estimated $73 million hydrangea plants were sold annually ( U.S. Department of Agriculture, 2009 ). Bigleaf hydrangea is one of the most widely grown hydrangea species in the United States with over 1000 cultivars ( Dirr, 2012 ). Some cultivars are best
Youping Sun, Guihong Bi, Genhua Niu and Christina Perez
Xingbo Wu and Lisa W. Alexander
known as bigleaf hydrangea, is the most commonly cultivated species. One of the remarkable traits of bigleaf hydrangea is the aluminum (Al)-dependent flower color; plants may have pink or blue flowers in the presence of Al and a favorable substrate pH
Mary Jane Clark and Youbin Zheng
. 79.38°W), five commonly grown nursery crops were selected for study, based on their economic value and relative importance to Ontario nurseries: bigleaf hydrangea, ‘Green Velvet’ boxwood, ‘Magic Carpet’ spirea, ‘Palace Purple’ coral bells, and rose of
Keri D. Jones, Sandra M. Reed and Timothy A. Rinehart
Easter and Mother's Day sales ( Bailey, 1989 ). Although only H. macrophylla ssp. macrophylla is used in the florist's trade, both H. macrophylla ssp. macrophylla (bigleaf hydrangea) and H. macrophylla ssp. serrata (mountain hydrangea) are
-Davila, M.E. 2005 Control of powdery mildew and Cercospora leaf spot on bigleaf hydrangea with Heritage and MilStop fungicides. AL Agr. Expt. Sta. Bul. 658 Halcomb, M. Reed, S. Fulcher, A. 2013 Hydrangeas. UT-UK IPM for shrub production manual. University
Sandra M. Reed, Keri D. Jones and Timothy A. Rinehart
The potential of producing an intergeneric hybrid between Dichroa febrifuga Lour. and Hydrangea macrophylla (Thunb.) Ser. was investigated. Reciprocal hybridizations were made between a D. febrifuga selection (GUIZ 48) and diploid (‘Veitchii’) and triploid (‘Kardinal’ and ‘Taube’) cultivars of H. macrophylla. Embryo rescue was employed for about one-third of the crosses that produced fruit, and the rest were allowed to mature on the plant and seed-collected and germinated. Reciprocal hybrids, which were verified with simple sequence repeat markers, were produced from both embryo rescue and seed germination and with both diploid and triploid H. macrophylla cultivars. Hybrids were intermediate in appearance between parents, but variability in leaf, inflorescence, and flower size and flower color existed among the hybrids. A somatic chromosome number of 2n = 6x = 108 was tentatively proposed for D. febrifuga GUIZ 48. Chromosome counts and flow-cytometric measurements of nuclear DNA content indicated that some of the hybrids may be aneuploids, but neither analysis was definitive. Although hybrids with H. macrophylla as the pistillate parent did not form pollen-producing anthers, D. febrifuga × H. macrophylla hybrids had normal-appearing anthers that produced abundant pollen. F2 and BC1 progeny were obtained using D. febrifuga × ‘Veitchii’ hybrids. This work documents the first step in an effort to combine desirable horticultural features from D. febrifuga and H. macrophylla.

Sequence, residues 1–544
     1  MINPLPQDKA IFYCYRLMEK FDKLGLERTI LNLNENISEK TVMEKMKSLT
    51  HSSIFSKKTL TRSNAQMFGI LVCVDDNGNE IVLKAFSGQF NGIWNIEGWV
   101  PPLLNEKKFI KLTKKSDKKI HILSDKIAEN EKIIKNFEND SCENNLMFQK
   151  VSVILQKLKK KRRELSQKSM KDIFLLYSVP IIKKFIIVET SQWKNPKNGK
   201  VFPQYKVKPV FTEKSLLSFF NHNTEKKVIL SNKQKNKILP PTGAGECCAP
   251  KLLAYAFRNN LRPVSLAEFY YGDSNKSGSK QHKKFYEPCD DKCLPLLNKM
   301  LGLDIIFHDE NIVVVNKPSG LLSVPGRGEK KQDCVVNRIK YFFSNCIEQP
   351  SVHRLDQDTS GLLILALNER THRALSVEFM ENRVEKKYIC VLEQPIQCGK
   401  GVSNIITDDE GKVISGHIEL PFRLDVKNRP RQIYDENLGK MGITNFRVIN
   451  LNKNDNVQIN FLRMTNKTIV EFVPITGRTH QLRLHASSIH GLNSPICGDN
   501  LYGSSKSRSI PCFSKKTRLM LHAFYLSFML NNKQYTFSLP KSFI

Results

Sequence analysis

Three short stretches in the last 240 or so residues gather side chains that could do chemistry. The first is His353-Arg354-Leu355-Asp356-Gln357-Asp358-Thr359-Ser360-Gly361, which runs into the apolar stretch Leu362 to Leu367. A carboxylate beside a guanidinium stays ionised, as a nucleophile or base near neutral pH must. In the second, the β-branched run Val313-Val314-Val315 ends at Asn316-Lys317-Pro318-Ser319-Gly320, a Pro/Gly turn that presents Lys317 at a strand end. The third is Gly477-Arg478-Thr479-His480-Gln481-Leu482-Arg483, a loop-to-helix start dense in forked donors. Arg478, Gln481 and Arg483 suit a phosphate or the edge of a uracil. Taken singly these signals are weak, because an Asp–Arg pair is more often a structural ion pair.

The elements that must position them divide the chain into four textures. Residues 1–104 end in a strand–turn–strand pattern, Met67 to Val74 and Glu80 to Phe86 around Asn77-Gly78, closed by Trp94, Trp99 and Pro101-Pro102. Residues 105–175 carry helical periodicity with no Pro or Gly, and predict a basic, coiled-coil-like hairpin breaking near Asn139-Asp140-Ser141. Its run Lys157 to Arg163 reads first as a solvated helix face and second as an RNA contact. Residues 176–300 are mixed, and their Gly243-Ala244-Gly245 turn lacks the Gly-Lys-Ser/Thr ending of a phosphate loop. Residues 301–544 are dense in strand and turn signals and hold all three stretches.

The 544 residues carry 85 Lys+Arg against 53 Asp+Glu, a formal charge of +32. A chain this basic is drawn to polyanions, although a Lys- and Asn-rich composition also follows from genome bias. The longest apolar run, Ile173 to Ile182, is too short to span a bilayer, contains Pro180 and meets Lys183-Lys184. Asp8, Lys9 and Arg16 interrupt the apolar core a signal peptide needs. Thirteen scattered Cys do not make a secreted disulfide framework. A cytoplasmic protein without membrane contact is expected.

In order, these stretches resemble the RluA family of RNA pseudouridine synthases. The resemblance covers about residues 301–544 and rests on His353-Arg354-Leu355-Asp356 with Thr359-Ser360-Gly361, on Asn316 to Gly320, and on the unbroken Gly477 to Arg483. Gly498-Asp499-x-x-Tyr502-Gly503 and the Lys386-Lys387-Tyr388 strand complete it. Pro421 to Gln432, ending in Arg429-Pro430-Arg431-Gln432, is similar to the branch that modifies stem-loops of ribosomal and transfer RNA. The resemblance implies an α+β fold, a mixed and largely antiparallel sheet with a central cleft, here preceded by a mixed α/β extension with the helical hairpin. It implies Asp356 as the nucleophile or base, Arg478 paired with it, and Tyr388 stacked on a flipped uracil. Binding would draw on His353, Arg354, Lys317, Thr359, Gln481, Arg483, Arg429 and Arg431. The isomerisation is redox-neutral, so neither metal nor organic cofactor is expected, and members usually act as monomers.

Henry D. Schreiber and Nicholas A. Wade
A field-portable method, adapting commercially available chlorophyll content meters, has been developed to measure the anthocyanin concentration in red and blue sepals of Hydrangea macrophylla. The meters were calibrated to total extractable anthocyanin concentration. The strength of the linear relationship (anthocyanin content index vs. extractable anthocyanin concentration) was better for red than blue sepals, due perhaps to the inclusion of purplish sepals in the blue data set or perhaps to more than one mechanism for the bluing of sepals. The meters were demonstrated to be an effective tool for the measurement of relative anthocyanin concentration in hydrangea sepals as a function of bloom stage.
Sandra M. Reed and Timothy A. Rinehart